Zach Jones: Things Were Better

Better and Better

Zach Jones gets all Smokey and Wonder-ous

Isn’t Zach Jones a guitar player? He certainly was with Rocktopus/As Fast As, on his following two solo records, and as a sideman for the likes of Pete Kilpatrick and Aaron Lee Marshall and Amy Allen [this originally ran in June of 2012]. A sinewy and smart guitar player, actually, with subtle tone and great instincts.

And yet, on the brand-new Things Were Better, it would appear he doesn’t play a single note, handing off guitar duties to the likes of Max Cantlin (Fogcutters/Anna & the Diggs, etc.) and Anthony Drouin (Lady Zen’s backing band, the Lazy Suzans, etc.), so that he can focus solely on lead vocals. He has reimagined/recreated himself here as a 1960s soul singer, a la Smokey Robinson with the Miracles, and it is really easy on the ears.

Or better yet, Stevie Wonder’s break-through record, the precocious and infectious Up-Tight, where Stevie went from child prodigy to songwriter and soul-singer. Jones shoots for the moon, with falsetto and drive and a terrific mix of easy soul and just plain good times.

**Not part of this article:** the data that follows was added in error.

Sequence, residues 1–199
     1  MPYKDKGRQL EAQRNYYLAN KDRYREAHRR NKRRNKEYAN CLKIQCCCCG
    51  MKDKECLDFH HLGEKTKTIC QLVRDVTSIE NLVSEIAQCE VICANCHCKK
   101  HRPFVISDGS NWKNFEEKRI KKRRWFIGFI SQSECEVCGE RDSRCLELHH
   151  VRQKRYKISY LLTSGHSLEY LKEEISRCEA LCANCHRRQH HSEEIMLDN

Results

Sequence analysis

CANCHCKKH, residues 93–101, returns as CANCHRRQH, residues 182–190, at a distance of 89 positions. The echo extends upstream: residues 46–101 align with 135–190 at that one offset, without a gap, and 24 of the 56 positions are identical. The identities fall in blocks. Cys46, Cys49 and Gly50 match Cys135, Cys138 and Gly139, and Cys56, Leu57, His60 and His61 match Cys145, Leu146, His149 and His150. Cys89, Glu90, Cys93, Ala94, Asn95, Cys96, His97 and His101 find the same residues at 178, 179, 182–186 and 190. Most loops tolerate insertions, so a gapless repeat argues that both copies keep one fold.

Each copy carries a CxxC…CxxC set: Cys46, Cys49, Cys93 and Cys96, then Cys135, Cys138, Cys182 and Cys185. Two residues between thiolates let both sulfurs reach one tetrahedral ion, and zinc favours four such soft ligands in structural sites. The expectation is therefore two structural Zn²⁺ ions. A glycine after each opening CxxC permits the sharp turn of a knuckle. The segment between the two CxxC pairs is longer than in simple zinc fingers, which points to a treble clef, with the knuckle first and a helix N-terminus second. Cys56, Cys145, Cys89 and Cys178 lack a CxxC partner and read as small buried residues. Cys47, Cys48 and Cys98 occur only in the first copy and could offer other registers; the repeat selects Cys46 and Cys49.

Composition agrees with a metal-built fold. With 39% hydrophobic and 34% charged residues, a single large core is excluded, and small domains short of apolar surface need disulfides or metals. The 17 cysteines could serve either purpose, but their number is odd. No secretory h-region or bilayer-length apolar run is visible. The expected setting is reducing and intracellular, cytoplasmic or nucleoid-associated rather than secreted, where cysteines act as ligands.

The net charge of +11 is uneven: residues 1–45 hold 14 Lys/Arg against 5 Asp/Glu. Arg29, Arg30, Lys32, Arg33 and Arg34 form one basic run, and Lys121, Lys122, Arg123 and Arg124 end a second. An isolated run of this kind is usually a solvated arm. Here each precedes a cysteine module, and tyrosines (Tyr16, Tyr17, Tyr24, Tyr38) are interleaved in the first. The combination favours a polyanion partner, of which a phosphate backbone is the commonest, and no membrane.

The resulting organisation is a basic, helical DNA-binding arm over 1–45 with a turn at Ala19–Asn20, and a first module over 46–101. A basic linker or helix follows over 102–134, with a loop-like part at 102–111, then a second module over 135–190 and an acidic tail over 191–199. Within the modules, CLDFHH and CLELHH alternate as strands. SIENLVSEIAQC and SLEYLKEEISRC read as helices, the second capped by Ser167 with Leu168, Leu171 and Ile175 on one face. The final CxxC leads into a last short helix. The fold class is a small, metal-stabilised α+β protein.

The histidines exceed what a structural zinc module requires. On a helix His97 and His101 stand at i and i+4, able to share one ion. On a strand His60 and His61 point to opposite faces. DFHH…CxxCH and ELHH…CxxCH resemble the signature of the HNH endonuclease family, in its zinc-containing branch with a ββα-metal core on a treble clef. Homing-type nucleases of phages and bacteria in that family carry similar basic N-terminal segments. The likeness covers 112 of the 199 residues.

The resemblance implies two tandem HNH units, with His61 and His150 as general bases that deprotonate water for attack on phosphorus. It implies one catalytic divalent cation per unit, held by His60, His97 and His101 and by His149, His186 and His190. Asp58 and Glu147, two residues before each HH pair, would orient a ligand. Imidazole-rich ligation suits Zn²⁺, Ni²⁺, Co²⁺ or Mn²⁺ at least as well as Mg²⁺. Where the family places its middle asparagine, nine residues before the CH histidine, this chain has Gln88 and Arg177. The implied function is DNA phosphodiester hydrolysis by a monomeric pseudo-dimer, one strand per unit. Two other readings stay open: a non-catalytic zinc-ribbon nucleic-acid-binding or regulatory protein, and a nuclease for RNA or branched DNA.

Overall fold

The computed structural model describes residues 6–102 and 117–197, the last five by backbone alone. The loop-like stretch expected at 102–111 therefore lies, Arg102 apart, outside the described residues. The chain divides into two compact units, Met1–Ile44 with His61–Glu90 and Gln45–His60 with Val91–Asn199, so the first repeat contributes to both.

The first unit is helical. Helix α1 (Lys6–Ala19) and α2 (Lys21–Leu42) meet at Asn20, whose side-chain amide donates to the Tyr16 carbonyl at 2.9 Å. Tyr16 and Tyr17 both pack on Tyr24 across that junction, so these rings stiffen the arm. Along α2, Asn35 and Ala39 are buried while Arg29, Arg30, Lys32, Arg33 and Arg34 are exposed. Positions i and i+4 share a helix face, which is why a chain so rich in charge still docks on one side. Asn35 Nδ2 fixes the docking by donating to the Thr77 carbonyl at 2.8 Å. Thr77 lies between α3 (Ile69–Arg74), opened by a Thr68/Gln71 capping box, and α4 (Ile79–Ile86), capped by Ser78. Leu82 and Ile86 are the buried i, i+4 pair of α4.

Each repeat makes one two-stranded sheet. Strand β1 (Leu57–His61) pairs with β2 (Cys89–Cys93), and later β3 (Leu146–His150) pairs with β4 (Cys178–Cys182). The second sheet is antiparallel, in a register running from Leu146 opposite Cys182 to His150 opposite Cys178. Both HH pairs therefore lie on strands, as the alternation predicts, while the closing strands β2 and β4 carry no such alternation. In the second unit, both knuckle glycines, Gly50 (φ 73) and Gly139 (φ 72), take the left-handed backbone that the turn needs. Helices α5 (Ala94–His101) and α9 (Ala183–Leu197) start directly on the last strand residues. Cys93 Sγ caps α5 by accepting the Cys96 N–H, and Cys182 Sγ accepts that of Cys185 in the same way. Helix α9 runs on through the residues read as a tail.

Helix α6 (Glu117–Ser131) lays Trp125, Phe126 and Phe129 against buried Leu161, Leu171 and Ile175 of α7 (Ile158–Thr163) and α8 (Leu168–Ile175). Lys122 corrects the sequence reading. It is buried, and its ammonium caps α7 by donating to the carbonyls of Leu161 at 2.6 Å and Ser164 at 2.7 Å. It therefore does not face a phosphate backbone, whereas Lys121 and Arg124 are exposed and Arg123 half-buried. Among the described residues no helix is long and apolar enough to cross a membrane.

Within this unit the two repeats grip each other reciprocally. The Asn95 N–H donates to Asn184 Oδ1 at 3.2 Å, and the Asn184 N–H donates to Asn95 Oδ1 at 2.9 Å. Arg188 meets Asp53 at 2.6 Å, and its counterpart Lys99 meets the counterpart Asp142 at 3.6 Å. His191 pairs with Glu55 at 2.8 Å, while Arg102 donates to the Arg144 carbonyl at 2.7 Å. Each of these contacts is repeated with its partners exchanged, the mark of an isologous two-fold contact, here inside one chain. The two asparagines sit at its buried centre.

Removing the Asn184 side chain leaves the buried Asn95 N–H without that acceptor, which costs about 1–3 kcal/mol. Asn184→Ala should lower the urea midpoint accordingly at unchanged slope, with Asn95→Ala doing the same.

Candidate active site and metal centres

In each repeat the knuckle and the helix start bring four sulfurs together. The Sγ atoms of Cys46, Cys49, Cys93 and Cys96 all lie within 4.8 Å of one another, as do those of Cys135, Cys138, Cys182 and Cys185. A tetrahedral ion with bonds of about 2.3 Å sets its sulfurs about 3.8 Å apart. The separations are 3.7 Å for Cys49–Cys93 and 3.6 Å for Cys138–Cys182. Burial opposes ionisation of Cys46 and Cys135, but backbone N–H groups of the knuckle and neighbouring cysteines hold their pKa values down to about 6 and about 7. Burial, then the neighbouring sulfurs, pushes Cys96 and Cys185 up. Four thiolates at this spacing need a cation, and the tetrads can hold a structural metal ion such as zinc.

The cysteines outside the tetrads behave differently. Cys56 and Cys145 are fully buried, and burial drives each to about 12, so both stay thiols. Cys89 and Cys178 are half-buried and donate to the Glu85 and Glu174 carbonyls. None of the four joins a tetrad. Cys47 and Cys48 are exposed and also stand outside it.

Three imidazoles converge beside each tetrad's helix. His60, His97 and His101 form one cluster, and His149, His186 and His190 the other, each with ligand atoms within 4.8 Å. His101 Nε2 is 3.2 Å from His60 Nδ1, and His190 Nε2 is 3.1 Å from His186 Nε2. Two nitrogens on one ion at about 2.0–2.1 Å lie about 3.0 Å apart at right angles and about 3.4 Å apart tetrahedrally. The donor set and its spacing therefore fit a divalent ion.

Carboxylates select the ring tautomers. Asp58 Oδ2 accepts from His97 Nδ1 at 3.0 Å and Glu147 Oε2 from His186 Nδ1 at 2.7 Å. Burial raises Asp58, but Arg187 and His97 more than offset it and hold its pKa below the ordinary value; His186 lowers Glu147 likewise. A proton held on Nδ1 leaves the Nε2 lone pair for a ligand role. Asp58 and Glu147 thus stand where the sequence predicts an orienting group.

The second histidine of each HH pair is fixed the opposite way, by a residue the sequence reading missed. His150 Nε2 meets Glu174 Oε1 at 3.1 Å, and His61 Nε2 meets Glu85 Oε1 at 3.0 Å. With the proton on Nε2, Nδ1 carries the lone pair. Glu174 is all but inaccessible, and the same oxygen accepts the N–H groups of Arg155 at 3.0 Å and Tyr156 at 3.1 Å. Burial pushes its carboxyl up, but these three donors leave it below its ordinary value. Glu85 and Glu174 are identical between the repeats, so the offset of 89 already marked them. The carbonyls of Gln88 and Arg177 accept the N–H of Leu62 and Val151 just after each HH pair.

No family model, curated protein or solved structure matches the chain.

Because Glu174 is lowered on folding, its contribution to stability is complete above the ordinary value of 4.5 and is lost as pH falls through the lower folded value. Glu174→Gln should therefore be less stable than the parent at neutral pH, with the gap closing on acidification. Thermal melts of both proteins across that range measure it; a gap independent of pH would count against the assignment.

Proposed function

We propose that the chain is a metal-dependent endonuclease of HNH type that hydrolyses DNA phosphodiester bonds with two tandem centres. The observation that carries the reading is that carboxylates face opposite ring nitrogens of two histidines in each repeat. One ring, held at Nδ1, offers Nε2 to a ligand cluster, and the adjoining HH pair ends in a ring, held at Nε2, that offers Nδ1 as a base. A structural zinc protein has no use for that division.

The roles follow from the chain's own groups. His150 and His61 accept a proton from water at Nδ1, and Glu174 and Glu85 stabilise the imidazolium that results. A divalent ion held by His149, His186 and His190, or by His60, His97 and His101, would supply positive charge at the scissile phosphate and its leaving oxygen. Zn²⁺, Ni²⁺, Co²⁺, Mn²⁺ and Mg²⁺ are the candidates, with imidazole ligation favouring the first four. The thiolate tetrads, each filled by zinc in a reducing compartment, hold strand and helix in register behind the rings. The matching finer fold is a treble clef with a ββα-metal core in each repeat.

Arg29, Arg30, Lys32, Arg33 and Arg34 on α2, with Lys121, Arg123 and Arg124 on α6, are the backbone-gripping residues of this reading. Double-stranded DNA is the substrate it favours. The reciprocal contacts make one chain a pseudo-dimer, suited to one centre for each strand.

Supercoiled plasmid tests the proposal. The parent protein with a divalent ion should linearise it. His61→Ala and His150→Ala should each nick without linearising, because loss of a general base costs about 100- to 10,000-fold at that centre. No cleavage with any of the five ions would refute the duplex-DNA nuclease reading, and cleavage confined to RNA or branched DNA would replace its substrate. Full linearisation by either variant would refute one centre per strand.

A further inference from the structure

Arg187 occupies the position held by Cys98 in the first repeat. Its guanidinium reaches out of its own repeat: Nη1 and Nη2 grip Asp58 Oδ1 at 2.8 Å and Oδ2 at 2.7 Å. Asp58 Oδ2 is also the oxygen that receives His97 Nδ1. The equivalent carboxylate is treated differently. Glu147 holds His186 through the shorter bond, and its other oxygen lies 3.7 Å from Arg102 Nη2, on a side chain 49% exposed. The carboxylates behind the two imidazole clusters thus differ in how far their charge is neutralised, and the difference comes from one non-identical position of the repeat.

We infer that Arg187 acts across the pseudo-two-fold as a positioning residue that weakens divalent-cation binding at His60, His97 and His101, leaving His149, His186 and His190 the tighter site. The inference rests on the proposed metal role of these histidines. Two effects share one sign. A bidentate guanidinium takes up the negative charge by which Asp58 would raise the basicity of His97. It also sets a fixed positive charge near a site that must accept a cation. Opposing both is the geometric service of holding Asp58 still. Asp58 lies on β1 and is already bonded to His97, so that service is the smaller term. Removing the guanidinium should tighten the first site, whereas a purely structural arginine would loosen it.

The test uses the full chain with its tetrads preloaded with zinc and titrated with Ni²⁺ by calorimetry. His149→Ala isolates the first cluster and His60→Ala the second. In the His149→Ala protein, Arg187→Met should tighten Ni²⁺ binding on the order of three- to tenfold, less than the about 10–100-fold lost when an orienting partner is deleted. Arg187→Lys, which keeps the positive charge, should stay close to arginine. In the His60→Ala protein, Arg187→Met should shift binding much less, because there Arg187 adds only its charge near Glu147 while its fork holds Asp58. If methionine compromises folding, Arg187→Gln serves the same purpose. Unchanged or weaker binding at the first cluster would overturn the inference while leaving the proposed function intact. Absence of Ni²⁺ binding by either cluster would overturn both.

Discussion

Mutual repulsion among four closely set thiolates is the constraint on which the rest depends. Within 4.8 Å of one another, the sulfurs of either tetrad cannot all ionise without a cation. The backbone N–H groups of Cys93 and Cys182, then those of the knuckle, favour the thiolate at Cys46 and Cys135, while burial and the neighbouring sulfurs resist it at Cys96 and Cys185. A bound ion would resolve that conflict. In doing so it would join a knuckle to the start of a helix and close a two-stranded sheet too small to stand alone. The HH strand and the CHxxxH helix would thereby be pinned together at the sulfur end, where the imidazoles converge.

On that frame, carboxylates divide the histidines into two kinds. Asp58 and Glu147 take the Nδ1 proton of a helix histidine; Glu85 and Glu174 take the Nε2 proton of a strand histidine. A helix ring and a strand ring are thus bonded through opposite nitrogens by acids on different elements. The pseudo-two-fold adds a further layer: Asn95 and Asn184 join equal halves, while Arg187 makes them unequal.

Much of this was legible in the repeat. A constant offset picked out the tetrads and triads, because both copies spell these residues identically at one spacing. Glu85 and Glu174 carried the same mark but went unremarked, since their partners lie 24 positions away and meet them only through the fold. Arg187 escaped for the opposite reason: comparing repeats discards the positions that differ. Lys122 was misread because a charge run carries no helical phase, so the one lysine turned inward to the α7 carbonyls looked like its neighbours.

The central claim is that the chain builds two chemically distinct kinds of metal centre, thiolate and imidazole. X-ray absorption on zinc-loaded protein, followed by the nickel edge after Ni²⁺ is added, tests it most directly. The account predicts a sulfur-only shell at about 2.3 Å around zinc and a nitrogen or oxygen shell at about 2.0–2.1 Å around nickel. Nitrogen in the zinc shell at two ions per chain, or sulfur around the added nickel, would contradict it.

The opening and title track, especially, is a keeper. Penned by Jon Nolan, who recorded the album at his Milltown Studios and did just about everything right in getting the organic sound this record needed, “Things Were Better” fires up with a guitar tone like walking barefoot onto the back lawn on a warm summer night and when Jones’ vocals enter he’s so fucking charming I was hoping he’d offer to buy me a drink. Then it gets better. The pacing is terrific, somehow both a rave-up and relaxed, with a sense of urgency and real passion, but nothing forced. It’s deep-seated. Enough so that “I need you like a bird needs feathers” doesn’t sound remotely corny. There are classic Motown “yeeea-aaah” guttural wails and sax duets from Kyle Hardy and Brian Graham and I’m pretty sure Bryan Brash and Tim Garrett chime in with viola and cello at one point or another.